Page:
What’s Going On In My Gas Tank?Posted: September 13, 2013
A mystery happens in my car. It happens daily. Slowly. Inevitably. Then faster but still inevitably.
The mystery begins when I fill the car’s fuel tank. I drop back into the driver’s seat and turn the key. The fuel gauge rockets up to F. Ahhhh, such a good feeling.
A clean car with a full tank of gas is one of life’s most satisfying experiences. That feeling of automotive completeness is so important that Abraham Maslow considered adding it to his hierarchy of needs. Sadly, Dr. Maslow passed on before he finished updating the famous pyramid with an automotive layer above the safety layer but beneath love and belonging. Not many know that on the day Maslow died his car was found in his driveway, immaculate and gassed up.
Yet, as joyful and satisfying as the full gas tank is, it is the source of mystery. It causes frustration and disappointment. The full tank is potential that will never be met.
Allow me to explain.
Let’s suppose that I am on a road trip. I fill my tank before I leave for my destination, four hundred miles away. As I drive, I see that with a quarter of the fuel burned, I’ve covered more than one hundred miles. “Not bad”, I think, “I can do all four hundred miles without getting more gasoline.”
I drive on. My iPod shuffles up the Bruce Springsteen song “Drive All Night”. I glance at the dashboard, knowing I’m going to drive just like Bruce. I look down and see that I’ve now used half of my gas. But now I’m concerned. Where the first quarter tank got me more than a hundred miles from home, the second has moved me less than a hundred miles. But really, I’m averaging one hundred miles per quarter tank so four hundred miles should be no problem.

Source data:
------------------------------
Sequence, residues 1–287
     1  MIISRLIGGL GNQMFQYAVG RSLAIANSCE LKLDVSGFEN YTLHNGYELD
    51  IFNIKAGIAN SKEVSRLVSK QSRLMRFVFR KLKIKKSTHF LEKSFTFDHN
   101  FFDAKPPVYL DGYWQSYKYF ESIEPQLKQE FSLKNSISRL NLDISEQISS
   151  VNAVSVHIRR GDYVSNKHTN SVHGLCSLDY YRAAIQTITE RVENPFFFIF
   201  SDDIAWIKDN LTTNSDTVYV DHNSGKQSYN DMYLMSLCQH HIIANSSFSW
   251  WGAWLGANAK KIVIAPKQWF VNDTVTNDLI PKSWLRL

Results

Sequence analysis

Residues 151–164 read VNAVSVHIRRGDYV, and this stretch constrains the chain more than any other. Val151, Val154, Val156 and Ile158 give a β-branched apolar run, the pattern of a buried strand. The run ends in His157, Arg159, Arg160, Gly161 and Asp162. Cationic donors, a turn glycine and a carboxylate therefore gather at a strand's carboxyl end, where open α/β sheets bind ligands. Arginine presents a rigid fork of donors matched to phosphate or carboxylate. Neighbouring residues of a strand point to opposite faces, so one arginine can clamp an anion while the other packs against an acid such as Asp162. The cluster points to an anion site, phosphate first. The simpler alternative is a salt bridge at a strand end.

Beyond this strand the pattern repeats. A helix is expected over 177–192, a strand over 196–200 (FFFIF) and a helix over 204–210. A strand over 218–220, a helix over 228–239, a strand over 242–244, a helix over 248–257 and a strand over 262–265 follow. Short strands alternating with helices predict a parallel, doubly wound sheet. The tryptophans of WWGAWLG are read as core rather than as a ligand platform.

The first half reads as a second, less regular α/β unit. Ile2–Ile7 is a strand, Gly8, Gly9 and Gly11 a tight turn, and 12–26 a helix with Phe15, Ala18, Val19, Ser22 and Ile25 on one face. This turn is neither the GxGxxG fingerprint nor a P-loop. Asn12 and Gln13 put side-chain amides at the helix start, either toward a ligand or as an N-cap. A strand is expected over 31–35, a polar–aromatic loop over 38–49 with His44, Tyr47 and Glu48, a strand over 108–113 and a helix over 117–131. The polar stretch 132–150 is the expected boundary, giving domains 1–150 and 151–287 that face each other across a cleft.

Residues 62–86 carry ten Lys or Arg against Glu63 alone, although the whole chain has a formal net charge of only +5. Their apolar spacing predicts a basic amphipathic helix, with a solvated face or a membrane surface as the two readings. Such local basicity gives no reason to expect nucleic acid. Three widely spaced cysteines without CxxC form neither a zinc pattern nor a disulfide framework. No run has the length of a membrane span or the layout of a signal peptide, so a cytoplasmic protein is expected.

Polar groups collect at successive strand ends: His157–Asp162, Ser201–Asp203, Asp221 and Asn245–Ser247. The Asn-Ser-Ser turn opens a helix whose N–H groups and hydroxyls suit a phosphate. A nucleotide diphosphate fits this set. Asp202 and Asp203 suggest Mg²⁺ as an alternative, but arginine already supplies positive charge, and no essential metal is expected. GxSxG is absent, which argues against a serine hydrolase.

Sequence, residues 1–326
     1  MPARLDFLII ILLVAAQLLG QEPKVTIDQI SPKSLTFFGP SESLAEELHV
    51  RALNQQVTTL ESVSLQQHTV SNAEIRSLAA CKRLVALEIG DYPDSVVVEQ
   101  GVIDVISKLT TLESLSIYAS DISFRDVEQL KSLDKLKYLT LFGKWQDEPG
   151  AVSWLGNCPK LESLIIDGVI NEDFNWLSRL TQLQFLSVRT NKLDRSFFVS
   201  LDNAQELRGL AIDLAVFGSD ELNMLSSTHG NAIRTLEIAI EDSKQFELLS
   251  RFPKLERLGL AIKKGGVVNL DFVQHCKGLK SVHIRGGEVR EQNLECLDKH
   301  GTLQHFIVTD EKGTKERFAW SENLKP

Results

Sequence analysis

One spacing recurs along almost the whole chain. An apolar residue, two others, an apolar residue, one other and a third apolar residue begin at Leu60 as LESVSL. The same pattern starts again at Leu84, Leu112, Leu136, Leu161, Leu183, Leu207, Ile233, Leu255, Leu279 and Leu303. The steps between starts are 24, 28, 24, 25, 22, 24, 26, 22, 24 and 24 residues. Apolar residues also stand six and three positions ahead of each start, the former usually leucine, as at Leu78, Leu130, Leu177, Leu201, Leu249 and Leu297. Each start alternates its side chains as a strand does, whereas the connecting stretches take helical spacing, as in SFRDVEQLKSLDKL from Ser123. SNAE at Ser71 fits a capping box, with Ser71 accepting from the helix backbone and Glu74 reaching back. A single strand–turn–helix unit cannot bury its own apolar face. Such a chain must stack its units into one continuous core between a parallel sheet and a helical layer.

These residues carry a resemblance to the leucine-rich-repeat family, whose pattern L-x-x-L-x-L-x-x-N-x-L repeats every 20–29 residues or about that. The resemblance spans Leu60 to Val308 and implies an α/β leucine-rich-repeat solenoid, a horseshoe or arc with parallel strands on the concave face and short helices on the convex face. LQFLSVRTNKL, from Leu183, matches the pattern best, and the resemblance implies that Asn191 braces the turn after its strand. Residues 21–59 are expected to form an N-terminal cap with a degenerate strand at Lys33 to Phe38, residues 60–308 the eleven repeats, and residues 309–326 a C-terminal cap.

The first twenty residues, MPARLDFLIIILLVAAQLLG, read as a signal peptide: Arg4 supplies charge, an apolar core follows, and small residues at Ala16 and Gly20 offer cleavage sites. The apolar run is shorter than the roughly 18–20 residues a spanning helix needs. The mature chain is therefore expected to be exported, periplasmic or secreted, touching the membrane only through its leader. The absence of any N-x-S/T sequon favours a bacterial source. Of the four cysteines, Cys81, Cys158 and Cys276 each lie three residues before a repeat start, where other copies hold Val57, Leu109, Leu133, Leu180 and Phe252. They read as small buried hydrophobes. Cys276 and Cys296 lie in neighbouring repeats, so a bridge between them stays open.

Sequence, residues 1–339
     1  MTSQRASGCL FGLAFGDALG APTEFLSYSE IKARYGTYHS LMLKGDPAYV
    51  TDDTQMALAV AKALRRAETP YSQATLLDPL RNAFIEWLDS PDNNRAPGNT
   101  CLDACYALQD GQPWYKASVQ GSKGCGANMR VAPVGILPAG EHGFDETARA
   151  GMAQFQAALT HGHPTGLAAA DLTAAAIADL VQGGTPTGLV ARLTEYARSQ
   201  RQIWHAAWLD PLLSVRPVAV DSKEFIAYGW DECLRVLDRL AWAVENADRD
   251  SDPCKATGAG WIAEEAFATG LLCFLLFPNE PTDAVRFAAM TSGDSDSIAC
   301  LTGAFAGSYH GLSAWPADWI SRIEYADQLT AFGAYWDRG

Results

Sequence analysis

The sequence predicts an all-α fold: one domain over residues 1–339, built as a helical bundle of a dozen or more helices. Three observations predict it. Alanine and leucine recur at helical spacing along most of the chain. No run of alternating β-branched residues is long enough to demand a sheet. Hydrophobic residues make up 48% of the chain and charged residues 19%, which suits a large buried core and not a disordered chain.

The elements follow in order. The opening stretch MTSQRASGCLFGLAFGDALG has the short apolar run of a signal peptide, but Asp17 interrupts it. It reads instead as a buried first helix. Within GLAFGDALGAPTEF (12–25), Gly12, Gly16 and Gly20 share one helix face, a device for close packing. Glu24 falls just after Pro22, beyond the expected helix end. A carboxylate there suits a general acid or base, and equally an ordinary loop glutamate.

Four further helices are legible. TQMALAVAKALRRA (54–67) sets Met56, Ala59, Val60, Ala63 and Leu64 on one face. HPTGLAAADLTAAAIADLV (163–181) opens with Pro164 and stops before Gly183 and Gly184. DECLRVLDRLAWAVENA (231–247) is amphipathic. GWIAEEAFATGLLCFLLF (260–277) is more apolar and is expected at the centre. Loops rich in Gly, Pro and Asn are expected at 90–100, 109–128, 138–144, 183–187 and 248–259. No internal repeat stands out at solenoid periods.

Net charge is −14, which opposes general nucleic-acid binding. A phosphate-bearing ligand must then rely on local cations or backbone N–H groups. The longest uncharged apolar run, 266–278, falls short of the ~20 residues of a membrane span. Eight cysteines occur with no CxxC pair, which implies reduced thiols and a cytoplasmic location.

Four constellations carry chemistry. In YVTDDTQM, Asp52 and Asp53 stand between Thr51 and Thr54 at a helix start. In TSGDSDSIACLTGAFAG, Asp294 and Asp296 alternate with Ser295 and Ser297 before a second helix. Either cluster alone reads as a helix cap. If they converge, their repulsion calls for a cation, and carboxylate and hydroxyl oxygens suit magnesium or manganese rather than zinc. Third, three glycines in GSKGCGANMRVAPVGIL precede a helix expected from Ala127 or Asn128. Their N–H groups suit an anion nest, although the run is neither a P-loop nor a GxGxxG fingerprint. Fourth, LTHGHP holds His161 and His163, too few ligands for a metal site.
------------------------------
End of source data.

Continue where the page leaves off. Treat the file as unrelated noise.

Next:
But there is a problem. The remaining half of a tank will get me another one hundred miles. Not two hundred, because I get one hundred from each quarter. No, I get one hundred because, well, I don’t know. I just know I need gas and I’ve only gone three hundred miles.
Every car I’ve owned has worked the same way; the miles and amounts change, but the results are the same.
If this has happened with every car I’ve owned, it must happen to other drivers. I’m sure it’s happening to you too. I wish I knew why it happens because you’re really nice and I’d like to help you understand, but I just can’t.
Don’t get me wrong. I’ve tried. I’ve spent a lot of time behind the wheel trying to puzzle this out for all of us, because that’s the kind of guy I am. I’ve just never found a logical explanation.
Maybe you’ve got this figured out.
I’m always a quarter tank short of the solution. How unsatisfying.